One of the reasons why Ming and Helena chose Xining as a starting point for our Tibet tour was that they wanted to visit the 4 high school students at Huzhu First High School whom they had sponsored. Huzhu County is 45 minutes drive from Xining. Driven by respect for Ming and Helena's philanthropic spirit, we came along to meet the students and their teacher. Ming and Helena sponsored two boys and two girls, all aged 16. One of the boys was of Tujia Nationality. From the report which their teacher gave, they have a bright future ahead of them, so it looks to us that Ming and Helena have spent their money wisely. Prior to the meeting, Ming showed me the touching letters which the students wrote where they poured out their emotions of gratitude for the support they received from Ming. However, they were too young and shy when they met their sponsor for the first time and it took me a while to open them up. Ming took them out of the school to a restaurant for a more relaxed chat. The dinner was sumptuous and it was clear that these poor kids had never seen so much food before in their lives. There were plenty of food left over so we suggested that they took it back to their dormitory to share with their roommates. They were happy to oblige.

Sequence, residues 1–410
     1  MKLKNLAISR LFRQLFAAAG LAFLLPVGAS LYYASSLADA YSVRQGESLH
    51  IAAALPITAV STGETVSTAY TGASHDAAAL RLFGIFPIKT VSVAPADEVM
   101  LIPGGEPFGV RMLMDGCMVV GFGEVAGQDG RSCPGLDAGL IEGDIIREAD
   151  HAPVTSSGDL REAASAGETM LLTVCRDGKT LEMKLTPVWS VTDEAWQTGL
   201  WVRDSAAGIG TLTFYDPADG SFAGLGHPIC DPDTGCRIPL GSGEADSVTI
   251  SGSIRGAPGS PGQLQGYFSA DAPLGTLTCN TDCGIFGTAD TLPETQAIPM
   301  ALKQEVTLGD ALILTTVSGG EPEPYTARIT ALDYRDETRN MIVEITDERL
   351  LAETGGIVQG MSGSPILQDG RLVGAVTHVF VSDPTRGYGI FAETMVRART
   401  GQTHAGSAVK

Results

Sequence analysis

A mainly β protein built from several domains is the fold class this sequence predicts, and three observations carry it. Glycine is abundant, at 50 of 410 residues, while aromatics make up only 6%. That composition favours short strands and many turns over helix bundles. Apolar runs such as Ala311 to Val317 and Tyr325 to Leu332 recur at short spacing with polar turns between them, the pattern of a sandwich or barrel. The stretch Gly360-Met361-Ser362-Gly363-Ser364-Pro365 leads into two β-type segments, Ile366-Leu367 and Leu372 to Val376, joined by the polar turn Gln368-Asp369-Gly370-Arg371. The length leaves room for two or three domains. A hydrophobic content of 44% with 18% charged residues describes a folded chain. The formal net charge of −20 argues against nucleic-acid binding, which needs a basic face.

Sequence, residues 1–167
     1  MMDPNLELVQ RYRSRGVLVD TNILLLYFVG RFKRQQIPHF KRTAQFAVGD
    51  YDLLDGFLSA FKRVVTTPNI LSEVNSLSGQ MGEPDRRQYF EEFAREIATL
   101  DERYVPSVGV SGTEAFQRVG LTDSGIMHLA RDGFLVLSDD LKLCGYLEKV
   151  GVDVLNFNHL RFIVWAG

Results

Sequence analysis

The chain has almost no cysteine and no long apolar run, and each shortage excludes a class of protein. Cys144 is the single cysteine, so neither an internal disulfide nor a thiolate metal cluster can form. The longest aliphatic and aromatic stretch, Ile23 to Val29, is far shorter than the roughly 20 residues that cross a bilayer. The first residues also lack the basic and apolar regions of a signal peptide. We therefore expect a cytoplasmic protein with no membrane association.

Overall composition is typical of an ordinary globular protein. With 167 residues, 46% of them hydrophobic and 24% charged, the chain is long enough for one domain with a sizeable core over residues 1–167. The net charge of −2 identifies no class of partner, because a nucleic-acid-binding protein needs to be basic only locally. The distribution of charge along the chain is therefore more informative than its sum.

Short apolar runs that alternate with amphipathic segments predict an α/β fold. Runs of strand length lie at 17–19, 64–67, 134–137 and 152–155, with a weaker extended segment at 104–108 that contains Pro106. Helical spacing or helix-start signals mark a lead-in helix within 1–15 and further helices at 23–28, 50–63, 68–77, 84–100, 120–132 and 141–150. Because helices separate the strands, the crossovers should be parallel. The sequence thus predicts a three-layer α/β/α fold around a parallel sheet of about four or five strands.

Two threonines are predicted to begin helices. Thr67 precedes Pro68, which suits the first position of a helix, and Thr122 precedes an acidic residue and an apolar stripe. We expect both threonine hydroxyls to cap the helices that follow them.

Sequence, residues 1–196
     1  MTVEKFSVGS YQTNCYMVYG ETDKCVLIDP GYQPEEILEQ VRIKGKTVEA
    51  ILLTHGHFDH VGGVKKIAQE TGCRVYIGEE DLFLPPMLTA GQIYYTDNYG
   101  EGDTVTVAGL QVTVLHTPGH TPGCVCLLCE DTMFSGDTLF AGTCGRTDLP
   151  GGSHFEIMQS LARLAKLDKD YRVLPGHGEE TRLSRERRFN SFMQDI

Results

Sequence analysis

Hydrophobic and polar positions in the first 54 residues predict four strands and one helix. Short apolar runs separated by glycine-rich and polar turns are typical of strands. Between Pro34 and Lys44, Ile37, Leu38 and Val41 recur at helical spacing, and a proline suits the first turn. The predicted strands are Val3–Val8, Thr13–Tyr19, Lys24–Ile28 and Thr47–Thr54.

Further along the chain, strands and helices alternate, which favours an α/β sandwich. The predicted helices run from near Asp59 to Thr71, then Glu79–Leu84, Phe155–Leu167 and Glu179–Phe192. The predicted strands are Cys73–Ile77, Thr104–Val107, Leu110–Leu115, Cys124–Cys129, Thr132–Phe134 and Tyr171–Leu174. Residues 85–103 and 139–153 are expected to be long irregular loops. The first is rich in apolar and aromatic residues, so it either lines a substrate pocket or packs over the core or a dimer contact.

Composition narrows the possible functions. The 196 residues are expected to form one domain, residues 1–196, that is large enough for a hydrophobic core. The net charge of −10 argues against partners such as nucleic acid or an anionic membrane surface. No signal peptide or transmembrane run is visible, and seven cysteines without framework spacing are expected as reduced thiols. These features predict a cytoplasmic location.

Qinghai Lake